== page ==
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Rendered animal fat, ususally beef or sheep. Hog tallow is known as Lard.
To clean tallow, melt in a pan with equal amount of water. Stir vigorously. Allow to cool and resolidify. Remove tallow and scrape the bottom layer of junk off the block.
Makes a smoky candle.
It provides little skin conditioning, but adds to the mildness and hardness of the soap. Tallow has a distinctive odor that can be difficult to mask. Most pioneer soaps were made with tallow.
To Make Tallow
Go to a butcher or a grocery store that has a real meat counter and ask for several pounds of beef fat scraps. The butcher may look at you funny. Say what you want the fat for, and the funny look usually goes away. Make sure it is understood that you only want BEEF fat. Pork fat makes lard, which has a different consistency than tallow. Phone the butcher first, since meat cutters usually throw out all the scaps after the morning cuttings. Some places do not charge for fat scraps. If you're charged more than a nickle a pound you're being ripped off.
Five to ten pounds of fat is a good amount to start with. Rinse it off with cool water, trim all the meat scraps off (use the meat to make broth or feed it to your dog - it will be fresh and will have been refrigerated). Chop the fat up into small pieces. The smaller the pieces, the better it will render, but it is tiring after a while, so I usually cut the pieces about the size of my thumb.
Fill a large pot - I use a stock pot or a canning pot - 1/3 to 1/2 full of fat and up to about an inch from the top with water. Put it on the stove over medium heat. Rendering tallow can be a rather smelly business, so turn on the fan in your stove hood, open a window, put a fan in the kitchen, or something. Bring the fat and water up to a low boil, and keep it there for a couple of hours, stirring every 15 to 20 minutes. Skim off any foam or blood that may rise up. Be sure to add more water as it cooks down. Be patient. As the tallow and water cooks out of them, what's left of the pieces of fat will shrink up into ugly little greyish things called "cracklings."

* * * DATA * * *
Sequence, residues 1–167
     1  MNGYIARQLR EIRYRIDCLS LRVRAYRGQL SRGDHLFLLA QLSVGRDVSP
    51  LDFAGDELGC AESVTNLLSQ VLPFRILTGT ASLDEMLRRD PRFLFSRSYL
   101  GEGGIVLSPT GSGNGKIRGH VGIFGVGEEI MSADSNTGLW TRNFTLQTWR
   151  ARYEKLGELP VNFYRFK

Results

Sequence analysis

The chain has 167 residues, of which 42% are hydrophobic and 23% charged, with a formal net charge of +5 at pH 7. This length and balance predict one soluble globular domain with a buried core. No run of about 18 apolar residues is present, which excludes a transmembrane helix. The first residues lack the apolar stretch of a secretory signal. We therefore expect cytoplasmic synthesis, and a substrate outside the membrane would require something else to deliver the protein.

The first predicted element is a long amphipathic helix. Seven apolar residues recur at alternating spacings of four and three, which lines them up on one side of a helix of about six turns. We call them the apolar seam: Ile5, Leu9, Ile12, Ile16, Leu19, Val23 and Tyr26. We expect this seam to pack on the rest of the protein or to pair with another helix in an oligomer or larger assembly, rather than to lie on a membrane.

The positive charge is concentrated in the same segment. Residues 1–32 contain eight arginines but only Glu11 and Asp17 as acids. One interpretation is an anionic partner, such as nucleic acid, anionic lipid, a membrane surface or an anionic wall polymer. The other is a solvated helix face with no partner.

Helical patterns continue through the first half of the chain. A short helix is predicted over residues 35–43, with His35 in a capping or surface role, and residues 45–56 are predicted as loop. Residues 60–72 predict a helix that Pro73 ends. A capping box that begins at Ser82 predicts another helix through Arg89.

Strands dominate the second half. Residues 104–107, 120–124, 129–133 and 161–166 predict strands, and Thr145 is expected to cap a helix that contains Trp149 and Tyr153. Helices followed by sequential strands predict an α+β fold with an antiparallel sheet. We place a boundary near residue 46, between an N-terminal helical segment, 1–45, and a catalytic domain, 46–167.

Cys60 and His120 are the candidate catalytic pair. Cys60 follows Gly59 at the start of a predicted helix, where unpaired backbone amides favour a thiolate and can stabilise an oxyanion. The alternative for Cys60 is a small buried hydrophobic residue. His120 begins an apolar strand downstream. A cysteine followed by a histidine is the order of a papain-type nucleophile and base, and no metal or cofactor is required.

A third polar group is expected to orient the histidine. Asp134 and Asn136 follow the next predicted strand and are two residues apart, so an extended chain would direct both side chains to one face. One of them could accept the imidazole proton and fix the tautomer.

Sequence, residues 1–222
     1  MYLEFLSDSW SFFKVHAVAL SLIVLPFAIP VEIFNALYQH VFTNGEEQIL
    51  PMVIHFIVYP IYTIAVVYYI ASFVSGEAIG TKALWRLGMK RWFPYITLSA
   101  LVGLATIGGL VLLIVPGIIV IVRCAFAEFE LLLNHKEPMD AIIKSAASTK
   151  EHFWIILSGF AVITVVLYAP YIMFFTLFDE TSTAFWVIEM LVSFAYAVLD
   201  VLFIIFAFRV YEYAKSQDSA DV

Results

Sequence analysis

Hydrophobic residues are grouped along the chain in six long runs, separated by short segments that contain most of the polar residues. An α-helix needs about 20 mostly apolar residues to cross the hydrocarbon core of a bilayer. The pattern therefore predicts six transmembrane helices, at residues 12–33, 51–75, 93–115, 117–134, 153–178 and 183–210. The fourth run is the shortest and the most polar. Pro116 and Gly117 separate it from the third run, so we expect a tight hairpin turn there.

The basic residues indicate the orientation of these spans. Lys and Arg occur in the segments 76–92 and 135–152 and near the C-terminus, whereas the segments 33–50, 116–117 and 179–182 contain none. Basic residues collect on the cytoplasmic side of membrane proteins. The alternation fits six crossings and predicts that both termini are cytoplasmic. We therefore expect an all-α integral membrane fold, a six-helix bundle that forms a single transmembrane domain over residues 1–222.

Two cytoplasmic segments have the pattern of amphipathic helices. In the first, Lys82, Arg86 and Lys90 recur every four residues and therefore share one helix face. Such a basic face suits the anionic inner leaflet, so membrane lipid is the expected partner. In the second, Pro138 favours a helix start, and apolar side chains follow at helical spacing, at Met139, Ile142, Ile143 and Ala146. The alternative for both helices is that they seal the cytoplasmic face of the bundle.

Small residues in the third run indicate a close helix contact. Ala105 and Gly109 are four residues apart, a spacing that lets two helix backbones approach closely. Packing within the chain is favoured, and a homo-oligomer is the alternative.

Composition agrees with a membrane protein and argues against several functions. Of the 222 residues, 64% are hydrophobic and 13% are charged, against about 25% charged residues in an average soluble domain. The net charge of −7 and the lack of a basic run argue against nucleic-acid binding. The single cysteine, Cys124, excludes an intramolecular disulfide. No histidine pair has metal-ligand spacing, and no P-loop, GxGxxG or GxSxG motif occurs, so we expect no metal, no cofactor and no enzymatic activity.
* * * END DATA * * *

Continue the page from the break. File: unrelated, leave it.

Take the pot off the heat and remove the cracklings with a slotted spoon or a seive. If you really want to, you can render them again to get the last bit of tallow out of them. I usually just throw them out. Strain the liquid - carefully! - through a few layers of cheescloth into a large mixing bowl and let stand to cool. After a couple of hours put it in the refrigerator to chill.
Once it's chilled take it out and remove the white stuff on top: this is tallow. The water underneath will be grayish and nasty, and a layer of gelatin may cling to the bottom of the tallow. Discard the water and the gelatin, and scrape the bottom of the tallow cake clean. If the tallow is fully rendered, it will be firm, uniform in color, and smooth in texture. If, at room temperature, it is yellowish, semi-liquid, grainy, or oily looking, put it in a pot with an equal amount of water, bring to a boil, strain into a bowl, and cool again, and discard the water and impurities that settle to the bottom. You may need to do this two or three times to get all of the impurities out.
Wrap the finished cake of tallow in plastic wrap and store in the refrigerator. It will keep fresh for a couple of months.
Beef tallow has a melting point 35-40 deg. C.
Mutton tallow has a melting point 45-45 deg. C.